Kyle Larson: Bad Reactions and What Might be Next?

For what feels like the 50th time in an already severed NASCAR schedule (in which only a few races have even taken place), there’s yet another hair-raising story gracing national headlines. Amid a pandemic that’s changing how we live our lives, events from the weekends have somehow managed to give NASCAR the same old black eye we’ve been fighting for over sixty years. Kyle Larson, a 27 year old superstar on the cusp of becoming a universally recognized face of the sport after this year, is now without a job and persona non grata to the corporate entities that make his career a possibility, and millions of Americans both fan and observer alike. So let’s talk about the incident, the overall reaction, and where do Larson, NASCAR, and its fans go from here?

A brief overview (skip to the next paragraph if you already know, sorry): on Sunday night a special NASCAR style iRacing event was organized by eRacer and NASCAR veteran Landon Cassill. Around 60 drivers of varied fame levels from all disciplines of real life racing and eSports competed on the virtual Monza Oval broadcast via the internet. This was not the network broadcasted “invitational” events that have been making national headlines, however NASCAR simulcast the event on their website along with most drivers streaming their own racing streams on Twitch. This was meant to be a just-for-fun mixed bag event with crazy speed and crashes on a fantasy-esque track to shake things up on the evening of Easter Sunday. During the race, Kyle Larson was having trouble with the in-game radio communication with someone on his virtual team. Using the push-to-talk feature, in what apparently was a “mic-check” intended only for his team, Larson uttered a racial slur (“Hey N——“) which was broadcast to all the drivers currently in the game server. Keep in mind that most of the fellow competitors were broadcasting their own streams with the unfiltered radio chat and race audio. So while not on the “tv style” broadcast (which continued unabated as this was not heard there), thousands of people heard Kyle Larson make this remark. The immediate reaction in-race was stunned silence for a few seconds, as some drivers equipped with a face-cam noticeably winced before one spoke up to inform Larson that his audio had been broadcast to the entire server. While the race continued, the audio clip immediately began to make the rounds on social media, and by the next morning “Kyle Larson” was trending on Twitter for something far different than anything the NASCAR community would have wanted. The resulting fallout was swift: Larson’s real life NASCAR employer Chip Ganassi Racing suspended and subsequently fired Larson once major sponsors McDonald’s, Credit One, and Chevrolet among others severed their relationship with the driver. The governing body of NASCAR further suspended Larson indefinitely and have required him to enroll in sensitivity training pending any attempt at future reinstatement. In short, Larson’s career in NASCAR is in doubt, and the entire racing world is embroiled in opinion, talking points, and raw unfiltered emotion.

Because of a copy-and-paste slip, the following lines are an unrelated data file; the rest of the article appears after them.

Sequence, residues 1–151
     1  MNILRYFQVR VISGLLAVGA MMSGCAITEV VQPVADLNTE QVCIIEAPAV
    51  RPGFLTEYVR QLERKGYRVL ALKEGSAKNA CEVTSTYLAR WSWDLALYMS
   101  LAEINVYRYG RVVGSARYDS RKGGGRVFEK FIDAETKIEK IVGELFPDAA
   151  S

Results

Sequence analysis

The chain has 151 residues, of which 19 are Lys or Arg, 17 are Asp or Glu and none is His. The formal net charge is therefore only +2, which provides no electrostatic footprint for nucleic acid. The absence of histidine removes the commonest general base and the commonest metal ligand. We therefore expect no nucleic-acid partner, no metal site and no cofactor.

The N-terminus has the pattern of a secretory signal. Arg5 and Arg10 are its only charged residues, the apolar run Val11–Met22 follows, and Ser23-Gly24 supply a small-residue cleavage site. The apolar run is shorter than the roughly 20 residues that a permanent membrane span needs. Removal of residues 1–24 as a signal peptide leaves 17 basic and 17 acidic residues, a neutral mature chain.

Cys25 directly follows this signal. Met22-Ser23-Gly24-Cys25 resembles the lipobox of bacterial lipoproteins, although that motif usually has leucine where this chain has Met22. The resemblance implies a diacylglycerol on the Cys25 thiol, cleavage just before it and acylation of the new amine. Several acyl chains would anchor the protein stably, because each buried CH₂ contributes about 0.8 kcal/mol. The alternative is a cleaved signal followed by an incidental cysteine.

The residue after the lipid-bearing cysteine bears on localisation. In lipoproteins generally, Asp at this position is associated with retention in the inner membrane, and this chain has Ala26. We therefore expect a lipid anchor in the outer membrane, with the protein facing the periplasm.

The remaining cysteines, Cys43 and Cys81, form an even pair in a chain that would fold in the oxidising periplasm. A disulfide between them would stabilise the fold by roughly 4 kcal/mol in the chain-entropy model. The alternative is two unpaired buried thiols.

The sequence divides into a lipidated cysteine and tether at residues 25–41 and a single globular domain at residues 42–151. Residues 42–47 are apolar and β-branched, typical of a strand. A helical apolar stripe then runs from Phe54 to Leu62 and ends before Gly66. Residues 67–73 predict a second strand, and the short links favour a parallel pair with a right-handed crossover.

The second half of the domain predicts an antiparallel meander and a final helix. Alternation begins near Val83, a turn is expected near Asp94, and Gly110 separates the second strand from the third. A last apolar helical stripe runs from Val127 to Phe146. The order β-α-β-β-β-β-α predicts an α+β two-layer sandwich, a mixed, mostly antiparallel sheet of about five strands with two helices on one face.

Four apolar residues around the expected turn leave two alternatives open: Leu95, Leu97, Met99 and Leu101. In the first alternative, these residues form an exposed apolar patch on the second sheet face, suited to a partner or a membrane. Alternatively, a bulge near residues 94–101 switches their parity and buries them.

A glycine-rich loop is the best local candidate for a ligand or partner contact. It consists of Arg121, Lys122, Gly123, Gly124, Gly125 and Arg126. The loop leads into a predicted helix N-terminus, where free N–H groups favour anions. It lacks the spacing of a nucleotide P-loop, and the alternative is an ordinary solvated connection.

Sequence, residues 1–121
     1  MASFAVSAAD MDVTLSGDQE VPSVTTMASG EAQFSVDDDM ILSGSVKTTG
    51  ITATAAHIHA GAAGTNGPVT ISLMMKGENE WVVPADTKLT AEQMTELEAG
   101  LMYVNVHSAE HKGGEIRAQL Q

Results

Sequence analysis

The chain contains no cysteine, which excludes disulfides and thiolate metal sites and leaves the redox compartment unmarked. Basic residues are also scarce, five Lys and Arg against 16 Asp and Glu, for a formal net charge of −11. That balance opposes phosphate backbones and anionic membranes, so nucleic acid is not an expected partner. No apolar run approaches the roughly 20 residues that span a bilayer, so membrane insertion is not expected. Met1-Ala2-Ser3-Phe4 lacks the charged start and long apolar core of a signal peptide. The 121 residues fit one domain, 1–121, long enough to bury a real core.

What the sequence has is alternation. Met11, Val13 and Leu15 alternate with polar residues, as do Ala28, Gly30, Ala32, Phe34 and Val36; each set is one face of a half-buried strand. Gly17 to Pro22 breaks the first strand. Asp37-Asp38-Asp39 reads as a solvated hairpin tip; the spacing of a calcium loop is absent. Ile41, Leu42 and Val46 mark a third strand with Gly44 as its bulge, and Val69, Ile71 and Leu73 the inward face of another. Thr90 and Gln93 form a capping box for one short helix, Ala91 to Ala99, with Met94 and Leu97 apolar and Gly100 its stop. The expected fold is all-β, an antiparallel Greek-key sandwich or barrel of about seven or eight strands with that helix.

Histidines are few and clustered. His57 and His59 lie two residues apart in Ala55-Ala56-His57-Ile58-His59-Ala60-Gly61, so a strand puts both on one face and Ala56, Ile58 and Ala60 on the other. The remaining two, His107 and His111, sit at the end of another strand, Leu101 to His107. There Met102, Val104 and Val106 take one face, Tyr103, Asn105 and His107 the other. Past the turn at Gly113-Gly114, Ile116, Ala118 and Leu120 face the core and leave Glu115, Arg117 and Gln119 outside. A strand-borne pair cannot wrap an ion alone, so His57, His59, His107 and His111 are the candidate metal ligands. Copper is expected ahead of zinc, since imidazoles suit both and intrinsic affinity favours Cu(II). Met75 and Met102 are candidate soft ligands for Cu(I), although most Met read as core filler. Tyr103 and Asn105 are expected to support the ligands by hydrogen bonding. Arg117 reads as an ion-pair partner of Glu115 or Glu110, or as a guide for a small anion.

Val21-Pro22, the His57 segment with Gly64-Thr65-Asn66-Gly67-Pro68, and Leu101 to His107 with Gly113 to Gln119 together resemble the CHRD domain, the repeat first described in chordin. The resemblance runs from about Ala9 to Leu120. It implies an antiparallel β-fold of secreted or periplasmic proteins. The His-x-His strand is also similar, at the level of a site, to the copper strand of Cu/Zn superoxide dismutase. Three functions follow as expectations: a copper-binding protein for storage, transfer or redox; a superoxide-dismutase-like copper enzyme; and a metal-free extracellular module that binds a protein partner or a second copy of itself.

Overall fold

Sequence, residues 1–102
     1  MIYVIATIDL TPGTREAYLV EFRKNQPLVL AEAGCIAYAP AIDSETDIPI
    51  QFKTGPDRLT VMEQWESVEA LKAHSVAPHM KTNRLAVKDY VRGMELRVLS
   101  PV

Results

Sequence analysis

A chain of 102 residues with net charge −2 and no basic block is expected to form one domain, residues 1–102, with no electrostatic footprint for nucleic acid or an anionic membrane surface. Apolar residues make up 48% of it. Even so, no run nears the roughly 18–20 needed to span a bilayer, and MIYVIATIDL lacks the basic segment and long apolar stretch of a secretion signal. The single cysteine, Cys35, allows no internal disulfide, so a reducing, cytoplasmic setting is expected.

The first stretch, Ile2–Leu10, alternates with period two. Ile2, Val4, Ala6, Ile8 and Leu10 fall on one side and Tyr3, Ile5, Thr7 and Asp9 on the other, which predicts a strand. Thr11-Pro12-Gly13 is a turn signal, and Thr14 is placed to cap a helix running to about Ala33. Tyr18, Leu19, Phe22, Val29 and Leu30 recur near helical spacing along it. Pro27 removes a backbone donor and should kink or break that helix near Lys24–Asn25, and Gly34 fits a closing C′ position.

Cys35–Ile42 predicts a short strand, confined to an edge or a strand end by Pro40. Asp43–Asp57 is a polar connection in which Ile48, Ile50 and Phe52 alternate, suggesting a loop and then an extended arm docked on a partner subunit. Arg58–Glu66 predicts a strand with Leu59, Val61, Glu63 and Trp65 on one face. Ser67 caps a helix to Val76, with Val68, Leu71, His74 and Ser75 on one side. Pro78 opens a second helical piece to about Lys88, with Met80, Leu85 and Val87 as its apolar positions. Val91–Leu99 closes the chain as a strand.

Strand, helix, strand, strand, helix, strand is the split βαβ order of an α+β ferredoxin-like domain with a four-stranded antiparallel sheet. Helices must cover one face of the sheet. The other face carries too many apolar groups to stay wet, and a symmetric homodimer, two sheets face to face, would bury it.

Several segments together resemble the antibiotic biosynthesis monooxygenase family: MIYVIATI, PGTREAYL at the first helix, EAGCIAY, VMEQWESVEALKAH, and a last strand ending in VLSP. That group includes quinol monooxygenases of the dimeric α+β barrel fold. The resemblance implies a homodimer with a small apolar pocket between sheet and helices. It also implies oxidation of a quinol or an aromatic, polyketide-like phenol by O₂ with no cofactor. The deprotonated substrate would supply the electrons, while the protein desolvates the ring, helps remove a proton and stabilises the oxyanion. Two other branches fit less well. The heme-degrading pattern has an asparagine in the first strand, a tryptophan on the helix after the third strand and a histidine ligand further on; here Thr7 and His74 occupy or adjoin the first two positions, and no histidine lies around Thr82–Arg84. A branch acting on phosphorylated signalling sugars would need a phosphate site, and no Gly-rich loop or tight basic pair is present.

(Opinion starts here, thank you dear reader)

It shouldn’t be a bold stance to take, but Kyle Larson was in the wrong, and must be punished. Spouting a word that has been used for centuries to devalue a group of people, a word that in its most pejorative origin roughly means “less than human,” should never be uttered by non-black people no matter the context. The opinion that “black people can say it…rap music….double standard” is as tired and dumb as most of the people that make that argument. Claiming that the use or non-use of a word is unfair to a group of people only shows that you don’t understand why it’s such an improper word to be using in the first place. As a white man, I won’t be preaching on this any further, but if you can’t understand what I’m saying here…reach out to someone who does, it’ll benefit you exponentially. Larson’s use of the word may not have been a direct attack on a group or individual, but ignorance and immaturity is no excuse when you’re paid to be a public person. The cool and calm demeanor in which Larson chose to use this word tells me that he’s one to use it casually with his friends, and only this time is in a situation in which something like that would have been caught. You don’t have to be a fundamental racist to speak inappropriately, and freedom of speech doesn’t apply to paid endorsements or free market employment. Larson was not arrested, he didn’t have his property confiscated, and he hasn’t even lost the opportunity to perform his craft in the long run. Failure to correct is permission to continue, and for this Larson is on the road to correct himself. His seemingly heartfelt apology was the proper start, and I’m looking forward to where he’s going to go from here to repair himself and my favorite sport. I mention the sport, as the damage done to racing can already be measured.